You can appreciate the dedication required to find such unity and consistency.
However you personally feel about manufacturers getting their hands into your app icons, you can appreciate the dedication shown here to try and offer something consistent and enjoyable when you unlock your phone.
Another small nod to the hardware found in the entirety of the software is the color palette. LG’s design team spent time with the color specialists at Pantone to pick “vivid and vibrant, yet natural, colors” that looked unique and played to the strengths of the G6’s LCD screen. And in a rather large nod to Google’s Material Design philosophy, Lee and his team created a dozen new unique wallpapers for the G6 by taking high-resolution photos of various stacked pieces of paper and plastic to create true works of art.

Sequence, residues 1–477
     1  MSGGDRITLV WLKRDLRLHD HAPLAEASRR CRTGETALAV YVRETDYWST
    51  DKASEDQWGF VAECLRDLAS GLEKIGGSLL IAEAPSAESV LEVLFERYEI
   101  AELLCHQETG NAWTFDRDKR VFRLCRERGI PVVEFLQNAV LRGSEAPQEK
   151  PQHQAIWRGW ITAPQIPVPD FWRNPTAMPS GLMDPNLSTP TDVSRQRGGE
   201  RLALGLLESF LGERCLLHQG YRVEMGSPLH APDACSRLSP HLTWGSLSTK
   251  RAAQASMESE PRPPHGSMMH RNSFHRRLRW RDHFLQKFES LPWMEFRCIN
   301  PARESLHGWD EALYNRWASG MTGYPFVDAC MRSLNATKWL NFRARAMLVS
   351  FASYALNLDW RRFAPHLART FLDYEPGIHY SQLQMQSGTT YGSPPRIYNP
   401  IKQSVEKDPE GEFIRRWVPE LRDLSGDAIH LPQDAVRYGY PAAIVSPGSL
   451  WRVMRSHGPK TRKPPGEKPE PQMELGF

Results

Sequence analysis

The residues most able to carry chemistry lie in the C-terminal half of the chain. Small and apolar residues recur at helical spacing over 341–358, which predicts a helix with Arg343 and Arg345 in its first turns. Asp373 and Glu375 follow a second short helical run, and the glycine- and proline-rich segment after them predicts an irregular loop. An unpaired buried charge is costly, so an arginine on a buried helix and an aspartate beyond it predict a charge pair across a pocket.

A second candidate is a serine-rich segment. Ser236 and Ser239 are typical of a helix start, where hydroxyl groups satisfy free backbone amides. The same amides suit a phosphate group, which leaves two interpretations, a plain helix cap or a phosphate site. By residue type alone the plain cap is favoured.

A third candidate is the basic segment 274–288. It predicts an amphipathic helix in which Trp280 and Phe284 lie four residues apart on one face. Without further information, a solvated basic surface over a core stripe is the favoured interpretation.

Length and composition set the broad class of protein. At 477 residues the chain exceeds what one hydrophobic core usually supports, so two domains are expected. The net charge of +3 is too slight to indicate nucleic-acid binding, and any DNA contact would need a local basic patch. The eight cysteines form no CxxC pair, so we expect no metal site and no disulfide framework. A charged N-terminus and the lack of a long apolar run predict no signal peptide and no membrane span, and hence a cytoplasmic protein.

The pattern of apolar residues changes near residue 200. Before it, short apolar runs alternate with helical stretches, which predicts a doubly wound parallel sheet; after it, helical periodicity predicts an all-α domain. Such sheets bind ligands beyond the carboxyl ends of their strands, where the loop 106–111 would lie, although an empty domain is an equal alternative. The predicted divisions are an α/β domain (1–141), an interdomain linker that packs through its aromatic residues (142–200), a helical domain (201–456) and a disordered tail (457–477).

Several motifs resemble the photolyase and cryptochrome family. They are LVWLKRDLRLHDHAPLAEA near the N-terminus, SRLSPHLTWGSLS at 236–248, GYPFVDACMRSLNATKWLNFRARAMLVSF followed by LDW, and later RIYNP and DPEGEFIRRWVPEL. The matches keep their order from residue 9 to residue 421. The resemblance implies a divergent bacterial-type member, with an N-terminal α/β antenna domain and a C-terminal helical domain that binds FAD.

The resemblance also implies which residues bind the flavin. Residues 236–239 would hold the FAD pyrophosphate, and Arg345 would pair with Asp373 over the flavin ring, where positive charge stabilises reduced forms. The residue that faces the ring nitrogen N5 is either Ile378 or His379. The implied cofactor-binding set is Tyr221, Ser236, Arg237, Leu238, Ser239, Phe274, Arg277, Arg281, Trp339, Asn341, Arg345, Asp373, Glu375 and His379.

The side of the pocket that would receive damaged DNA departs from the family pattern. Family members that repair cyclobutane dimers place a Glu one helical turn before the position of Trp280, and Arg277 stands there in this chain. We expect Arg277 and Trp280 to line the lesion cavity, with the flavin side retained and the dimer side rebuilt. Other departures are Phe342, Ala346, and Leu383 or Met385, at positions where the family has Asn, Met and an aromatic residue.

Fueled by inspiration from the hardware design rather than true physical constraints, the software designers for the LG G6 were able to create an interface that feels more consistent, connected and naturally balanced.
Hard work pays off
The end result: LG G6
When you pick up an LG G6 you won’t immediately be able to break down and identify the myriad tiny pieces that went into its creation. But the goal isn’t to have you spend time thinking about the details — it’s about the complete product. Its taller screen surrounded by sturdy hardware and thoughtfully chosen internals are aimed at giving you the best experience with the fewest compromises. The balanced software accented by complementary colors and nods to the hardware design is supposed to be something you just use rather than constantly think about.